3- Elizabeth's praise isn't for her personal fulfillment and blessing in childbirth; it's in the blessing bestowed on her by Mary's visit. Mary, not Elizabeth, is the focus. We'll explore the basis for Elizabeth's blessing of Mary later; now we simply see that Mary's visit is the occasion for Elizabeth's praise, not John's upcoming birth.
4- Elizabeth's words served primarily as an encouragement to Mary. Rather than having to try to explain to Elizabeth what the angel had said to her about the virgin birth of her son, Mary learned that Elizabeth had already known. Thus, Elizabeth's praise served as further confirmation of Gabriel's words. Mary was free to unhesitatingly share the details of the angel's revelation, while Elizabeth already knew, believed, and rejoiced in the truth of God, spoken through Gabriel.
5- Elizabeth praises God for much more than what Zechariah was told. Looking back at Luke's report (see week 2) of what Zechariah was told by Gabriel, we see that the son, who God was giving him and his wife, would be the one who'd announce the Messiah's coming. Luke's account doesn't reveal how Elizabeth might have known that Jesus would be born of a virgin nor that her cousin Mary was that virgin. It's possible that Elizabeth knew from the Scriptures that Christ Jesus would be both human and divine and born of a virgin. By the Holy Spirit's illumination of the Scriptures, Elizabeth became informed, perhaps at that very moment, that Mary was the one.
6- Elizabeth's praise suggests that she may have possessed a greater depth of spiritual and scriptural insight than her husband. Luke's account, introducing Zechariah as an elderly and godly priest, isn't as favorable as what he writes about Elizabeth. Possibly, this was Luke's way of informing readers that some women surpass men spiritually. Elizabeth's praise surpasses Zechariah's petition for a sign; her words far surpass the revelation that Gabriel gave to Zechariah. Women may be limited regarding their public ministry, but not regarding their spirituality and intimacy with God. Elizabeth is a magnificent woman of God, in Luke's opinion.
Mary's Magnificent Magnificat (vv. 46–56)
Mary seems to respond immediately to Elizabeth's praise by offering her own praise to God. While we're not specifically told that Mary was filled with the Holy Spirit when she spoke these words, let's assume so. Here, Elizabeth spoke with "a loud voice" (v. 42); Mary was perhaps more sedate. Regardless, let's ponder her beautiful words, a.k.a. the Magnificat).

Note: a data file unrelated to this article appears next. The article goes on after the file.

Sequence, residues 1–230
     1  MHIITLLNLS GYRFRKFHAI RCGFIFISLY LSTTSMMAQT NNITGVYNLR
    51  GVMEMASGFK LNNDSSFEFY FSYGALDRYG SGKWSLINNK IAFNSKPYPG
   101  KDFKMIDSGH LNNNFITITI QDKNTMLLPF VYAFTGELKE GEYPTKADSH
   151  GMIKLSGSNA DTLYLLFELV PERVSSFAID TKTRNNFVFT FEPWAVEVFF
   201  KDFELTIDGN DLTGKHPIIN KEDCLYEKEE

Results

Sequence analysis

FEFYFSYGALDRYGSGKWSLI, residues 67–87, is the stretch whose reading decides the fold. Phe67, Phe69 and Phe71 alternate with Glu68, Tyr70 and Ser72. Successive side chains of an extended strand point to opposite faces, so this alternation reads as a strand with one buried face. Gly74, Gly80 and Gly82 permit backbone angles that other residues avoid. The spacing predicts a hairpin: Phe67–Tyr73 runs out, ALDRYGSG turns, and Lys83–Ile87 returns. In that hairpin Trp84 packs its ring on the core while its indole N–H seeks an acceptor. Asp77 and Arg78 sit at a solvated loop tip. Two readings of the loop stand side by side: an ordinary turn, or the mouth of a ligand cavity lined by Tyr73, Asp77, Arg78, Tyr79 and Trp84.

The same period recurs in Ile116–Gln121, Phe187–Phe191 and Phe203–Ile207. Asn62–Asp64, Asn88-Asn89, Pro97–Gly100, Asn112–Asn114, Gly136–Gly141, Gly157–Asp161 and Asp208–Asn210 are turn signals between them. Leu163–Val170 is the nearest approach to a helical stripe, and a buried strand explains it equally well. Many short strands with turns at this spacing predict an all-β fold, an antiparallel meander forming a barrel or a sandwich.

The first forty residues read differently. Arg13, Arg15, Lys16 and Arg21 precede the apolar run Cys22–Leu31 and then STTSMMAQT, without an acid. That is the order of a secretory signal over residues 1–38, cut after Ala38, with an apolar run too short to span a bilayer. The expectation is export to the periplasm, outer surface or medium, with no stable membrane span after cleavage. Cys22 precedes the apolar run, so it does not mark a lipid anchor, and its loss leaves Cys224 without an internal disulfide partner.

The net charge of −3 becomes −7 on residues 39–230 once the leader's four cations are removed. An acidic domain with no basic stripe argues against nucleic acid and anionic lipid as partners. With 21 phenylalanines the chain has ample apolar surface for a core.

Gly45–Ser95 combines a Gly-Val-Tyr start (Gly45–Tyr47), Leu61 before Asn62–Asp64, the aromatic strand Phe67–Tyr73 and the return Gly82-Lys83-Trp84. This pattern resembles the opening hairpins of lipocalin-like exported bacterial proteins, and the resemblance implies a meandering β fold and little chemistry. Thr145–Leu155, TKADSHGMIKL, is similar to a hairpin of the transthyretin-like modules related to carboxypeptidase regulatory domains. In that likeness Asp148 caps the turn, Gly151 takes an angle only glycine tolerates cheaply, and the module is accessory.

1- Mary's psalm of praise reveals a repeated use of Old Testament terminology and theology. Mary's praise psalm — often called the Magnificat The Madonna of the Magnificat is a painting of circular or tondo form (47-inch diameter) by the Italian Renaissance painter Sandro Botticelli, 1481. The work portrays the Virgin Mary crowned by two angels. She is writing the opening of the Magnificat on the right-hand page of a book. — is a magnificent masterpiece. Mary dwells on the character of God, particularly his grace to be bestowed on the humble and the oppressed. Because all pious Israelites knew by heart, from their childhood days, songs from the Old Testament, often singing them in a home circle and at celebrations, Mary was steeped in the poetical literature of her nation; accordingly, her hymn bears unmistakable signs of it.
2- Mary's praise begins with her grateful response to God's grace shown to her, a humble servant of the Lord. In vv. 46–49, Mary praises God for being merciful toward her. She rejoices in God, her Savior (v. 47). God looked upon her humble estate with compassion; consequently she'll be esteemed blessed by future generations (v. 48). God's compassion for her reveals his power and holiness ("Mighty One," "holy is His name," v. 49).
3- Mary's praise broadens (v. 50), viewing God's grace to her as a reflection of his gracious purposes for his chosen people, Israel. Mary saw her blessing as an illustration of God's grace, which leads her to praise God for his grace to all who fear him, from generation to generation.